Day 1: Saturday 18 May 19: Derby to Inverness (574 scenic miles)
Grand tour - Scotland May 2019 18may110
Part 1: Derby to Northumberland via Peak District, Yorkshire Dales, North Pennines
Grand tour - Scotland May 2019 18may111
I was up early, too early for the hotel breakfast, especially with their weekend hours. I loaded up Heidi, it took several trips from my room to the carpark to accomplish the task, and then checked out. It was a grey, damp start to the day, a gentle drizzle was falling - enough to wet the roads and mist the visor, but nothing that I couldn't handle. At 05:46, I pressed the green starter button and Heidi immediately responded. I pulled out onto the empty, damp street a little wary of possibly slippery, greasy patches. I would not be good to drop the bike in her fully laden state! I followed the GPS northwards and was on my way, excited at the prospect of what lay ahead.
Grand tour - Scotland May 2019 Scotla10
I soon cleared Derby and trudged up the A6, though Matlock and into the Peak District. This was a part of the country that I was completely unfamiliar with. To one side lay the urban sprawl of Sheffield, to the other the mighty metropolis of Manchester and nestled conveniently in the middle was the Peak District. My route took me through the town of Bakewell, I'm rather partial to a Bakewell Tart, but sadly at 06:30 in the morning, there were no tarts to be seen on the quiet streets.
Grand tour - Scotland May 2019 Scotla13
Turning off the A6, I followed a muddle of roads until eventually emerging onto the A57 by the Ladybower reservoir. At some point in time, a series of dams had been built across the river Derwent and the valleys upstream had been allowed to flood. I wouldn't want to be living downstream of those dams, especially when you consider that the WW2 Dambusters used these reservoirs to practice their dambusting art before unleashing their havoc on the heart of industrial Germany. However, I wasn't here on a military history tour, I was here to ride the renown "Snake Pass" as it twists and turns its way North West up and  across "High Peak" and down into the town of Glossop. 
Grand tour - Scotland May 2019 Scotla14
I suppose the Snake Pass is one of the roads that need to be ridden, about 9 miles long, it is not especially challenging, but maybe sticking to the 50 mph speed limit, I wasn't going fast enough to be challenged by some of the corners. The presence of a few stray sheep at the roadside was enough of a deterrent to going faster - wasn't it hereabouts that Snodblatter rearended Becky (after she stopped suddenly for a sheep in the road and he didn't? Maybe that was somewhere else?). The cheerful "To Die for?" roadside warning signs, liberally scattered along the route also had some subliminal psychological effect! The combination of signs was interesting too. "Big Boobs - To Die For?" - Hell yes!! I didn't see any big boobs though and just hung onto the handlebars as I rode over the bumpy road surface. It reminded me of an ancient joke...two nuns riding down a cobble street. One turns to the other and says "I've never come this way before".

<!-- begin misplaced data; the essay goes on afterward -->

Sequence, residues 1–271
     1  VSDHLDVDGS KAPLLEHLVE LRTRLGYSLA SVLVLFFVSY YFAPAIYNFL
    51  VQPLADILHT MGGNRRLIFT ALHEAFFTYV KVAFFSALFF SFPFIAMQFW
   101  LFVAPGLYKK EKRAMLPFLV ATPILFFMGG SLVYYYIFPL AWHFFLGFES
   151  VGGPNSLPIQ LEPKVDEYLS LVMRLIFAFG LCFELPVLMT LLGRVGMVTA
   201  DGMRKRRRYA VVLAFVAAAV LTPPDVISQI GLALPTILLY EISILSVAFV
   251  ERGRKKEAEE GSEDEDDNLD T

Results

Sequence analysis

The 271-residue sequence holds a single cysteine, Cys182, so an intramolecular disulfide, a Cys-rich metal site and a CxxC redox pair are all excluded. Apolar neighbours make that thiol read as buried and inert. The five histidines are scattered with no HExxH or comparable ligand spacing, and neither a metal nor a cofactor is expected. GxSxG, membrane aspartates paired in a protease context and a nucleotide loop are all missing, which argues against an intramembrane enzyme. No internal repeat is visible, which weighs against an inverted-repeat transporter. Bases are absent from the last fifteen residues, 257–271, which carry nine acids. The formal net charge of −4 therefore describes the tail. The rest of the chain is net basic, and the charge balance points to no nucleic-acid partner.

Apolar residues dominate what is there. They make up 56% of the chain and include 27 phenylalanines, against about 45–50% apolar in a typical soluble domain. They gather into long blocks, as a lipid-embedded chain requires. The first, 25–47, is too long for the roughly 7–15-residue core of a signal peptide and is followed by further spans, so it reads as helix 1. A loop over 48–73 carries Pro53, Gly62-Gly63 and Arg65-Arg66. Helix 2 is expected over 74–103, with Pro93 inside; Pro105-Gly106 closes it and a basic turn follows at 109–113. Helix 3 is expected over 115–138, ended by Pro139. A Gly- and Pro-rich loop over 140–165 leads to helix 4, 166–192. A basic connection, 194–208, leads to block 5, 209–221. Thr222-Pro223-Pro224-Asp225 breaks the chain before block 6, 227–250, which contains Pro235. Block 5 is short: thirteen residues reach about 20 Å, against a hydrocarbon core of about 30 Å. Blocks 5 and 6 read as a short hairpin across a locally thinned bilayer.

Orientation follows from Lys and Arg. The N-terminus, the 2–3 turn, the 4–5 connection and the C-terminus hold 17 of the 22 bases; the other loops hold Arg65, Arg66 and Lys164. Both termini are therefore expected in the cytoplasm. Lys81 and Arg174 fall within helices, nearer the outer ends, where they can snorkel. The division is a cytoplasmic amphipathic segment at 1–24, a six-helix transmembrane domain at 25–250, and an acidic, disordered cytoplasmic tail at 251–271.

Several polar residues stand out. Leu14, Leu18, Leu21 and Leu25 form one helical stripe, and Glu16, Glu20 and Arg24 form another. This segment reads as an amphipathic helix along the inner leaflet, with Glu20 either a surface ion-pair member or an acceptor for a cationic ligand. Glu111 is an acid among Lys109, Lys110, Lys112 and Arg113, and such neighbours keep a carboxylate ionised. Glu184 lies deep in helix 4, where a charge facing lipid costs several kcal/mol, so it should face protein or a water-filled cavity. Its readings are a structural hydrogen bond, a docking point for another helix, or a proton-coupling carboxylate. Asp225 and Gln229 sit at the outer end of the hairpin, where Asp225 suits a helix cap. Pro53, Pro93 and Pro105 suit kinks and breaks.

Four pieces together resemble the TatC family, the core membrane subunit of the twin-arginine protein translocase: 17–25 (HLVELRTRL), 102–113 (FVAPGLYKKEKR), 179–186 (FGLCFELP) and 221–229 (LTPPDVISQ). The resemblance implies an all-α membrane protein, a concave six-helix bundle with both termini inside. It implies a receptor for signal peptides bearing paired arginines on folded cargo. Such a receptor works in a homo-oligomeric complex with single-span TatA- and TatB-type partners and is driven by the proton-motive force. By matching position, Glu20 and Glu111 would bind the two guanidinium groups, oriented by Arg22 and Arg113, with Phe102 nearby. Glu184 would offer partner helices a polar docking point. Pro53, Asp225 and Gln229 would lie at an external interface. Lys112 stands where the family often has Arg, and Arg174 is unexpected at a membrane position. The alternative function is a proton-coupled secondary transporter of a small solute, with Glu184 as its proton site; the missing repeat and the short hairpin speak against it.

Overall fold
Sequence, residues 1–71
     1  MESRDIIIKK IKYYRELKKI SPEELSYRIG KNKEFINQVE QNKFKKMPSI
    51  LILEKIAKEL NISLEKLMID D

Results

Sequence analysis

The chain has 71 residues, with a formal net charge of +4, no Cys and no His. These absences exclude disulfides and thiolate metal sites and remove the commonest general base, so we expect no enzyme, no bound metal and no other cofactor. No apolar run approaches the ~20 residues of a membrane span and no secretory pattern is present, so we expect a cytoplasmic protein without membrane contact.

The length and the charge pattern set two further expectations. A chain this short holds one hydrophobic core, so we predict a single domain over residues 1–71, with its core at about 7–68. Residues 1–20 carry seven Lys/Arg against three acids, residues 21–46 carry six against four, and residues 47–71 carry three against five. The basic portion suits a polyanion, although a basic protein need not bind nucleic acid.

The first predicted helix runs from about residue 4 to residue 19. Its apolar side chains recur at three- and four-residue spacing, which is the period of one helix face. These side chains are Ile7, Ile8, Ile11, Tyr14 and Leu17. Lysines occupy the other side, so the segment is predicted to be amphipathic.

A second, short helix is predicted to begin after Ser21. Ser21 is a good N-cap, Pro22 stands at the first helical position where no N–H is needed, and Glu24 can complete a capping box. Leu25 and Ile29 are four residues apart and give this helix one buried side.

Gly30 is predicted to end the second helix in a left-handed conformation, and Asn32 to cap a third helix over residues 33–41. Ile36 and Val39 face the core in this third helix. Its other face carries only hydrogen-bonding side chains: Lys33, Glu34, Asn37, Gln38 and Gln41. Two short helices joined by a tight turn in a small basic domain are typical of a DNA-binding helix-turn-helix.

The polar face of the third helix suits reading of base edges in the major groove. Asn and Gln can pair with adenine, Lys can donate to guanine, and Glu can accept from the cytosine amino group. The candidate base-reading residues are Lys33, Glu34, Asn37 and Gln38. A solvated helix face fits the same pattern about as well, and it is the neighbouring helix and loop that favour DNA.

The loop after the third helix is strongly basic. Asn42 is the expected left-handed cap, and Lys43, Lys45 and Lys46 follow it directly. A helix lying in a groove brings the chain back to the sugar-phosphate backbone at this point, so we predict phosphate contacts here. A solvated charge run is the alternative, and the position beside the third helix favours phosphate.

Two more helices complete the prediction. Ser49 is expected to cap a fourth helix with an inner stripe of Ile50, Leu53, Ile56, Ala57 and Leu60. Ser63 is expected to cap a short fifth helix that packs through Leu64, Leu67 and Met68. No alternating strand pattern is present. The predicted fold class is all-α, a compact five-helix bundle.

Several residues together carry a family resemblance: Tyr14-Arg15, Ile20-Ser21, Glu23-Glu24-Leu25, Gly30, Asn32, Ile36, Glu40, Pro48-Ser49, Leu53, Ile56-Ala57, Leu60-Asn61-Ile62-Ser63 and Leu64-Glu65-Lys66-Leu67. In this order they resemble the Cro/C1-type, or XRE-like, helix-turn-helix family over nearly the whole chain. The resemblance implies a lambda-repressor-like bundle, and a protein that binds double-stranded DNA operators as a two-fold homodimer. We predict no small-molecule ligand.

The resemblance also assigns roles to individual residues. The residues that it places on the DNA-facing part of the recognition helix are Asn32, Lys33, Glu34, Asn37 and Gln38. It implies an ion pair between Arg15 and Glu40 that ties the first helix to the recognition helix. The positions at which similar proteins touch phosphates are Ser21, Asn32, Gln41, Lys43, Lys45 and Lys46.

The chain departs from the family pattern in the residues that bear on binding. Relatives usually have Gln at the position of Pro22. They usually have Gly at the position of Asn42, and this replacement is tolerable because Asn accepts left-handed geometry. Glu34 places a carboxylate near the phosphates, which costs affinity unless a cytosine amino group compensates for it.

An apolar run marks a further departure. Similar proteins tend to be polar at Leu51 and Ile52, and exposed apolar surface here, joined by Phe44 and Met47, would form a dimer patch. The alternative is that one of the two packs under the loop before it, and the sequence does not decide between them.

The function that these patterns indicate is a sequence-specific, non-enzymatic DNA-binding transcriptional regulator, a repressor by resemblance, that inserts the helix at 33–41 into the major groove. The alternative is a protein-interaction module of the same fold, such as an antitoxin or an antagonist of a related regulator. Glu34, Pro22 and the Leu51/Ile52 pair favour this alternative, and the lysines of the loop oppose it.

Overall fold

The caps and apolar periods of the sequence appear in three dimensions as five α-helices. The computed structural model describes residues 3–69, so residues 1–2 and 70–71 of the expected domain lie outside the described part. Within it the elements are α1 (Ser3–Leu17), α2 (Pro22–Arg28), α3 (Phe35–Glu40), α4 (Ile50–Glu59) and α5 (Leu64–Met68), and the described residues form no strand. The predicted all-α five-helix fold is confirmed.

Grand tour - Scotland May 2019 Scotla15
It was scenic stretch of hilly moorland road though, rising steadily to about 512m (1679 feet) above sea level, crossing the Pennie Way long distance footpath at the high point before dropping steeply into Glossop. The early morning drizzle had stopped (or been left miles behind), the road surface was mostly dry and there was even patches of blue sky and shafts of brilliant sunshine ahead.

In terms of iconic biking roads, I would rate it a fair to middling, but having experienced some fantastic roads in Ireland, Wales and NSW, perhaps I have been spoilt and am getting too critical? Heidi rolled through the corners and the odd car that got in my way, was easily passed as soon as the road allowed.

Making short work of the remainder of the Peak District, I skirted by the grey, industrial, northern towns of Huddersfield, Halifax and Skipton born out of the industrial revolution and the demand for cotton mills, but more recently spawning a more lucrative business of banks and building societies. The rain caught up with me in Huddersfield, but I was soon onto the Yorkshire Dales and the rain stopped again. I was off the A roads and onto more scenic B roads as they threaded their way though the valleys alongside the rivers and streams. I guess that's why they are called the "Dales"! Often hemmed in on one of both sides by miles of dry stone walls, the narrow road wended its way through the lush green undulating countryside with barely any traffic for company. What a difference a few miles make! Blue sky would be nicer though, the omnipresent grey clouds constantly threatened me with the prospect of more rain.
Grand tour - Scotland May 2019 Scotla16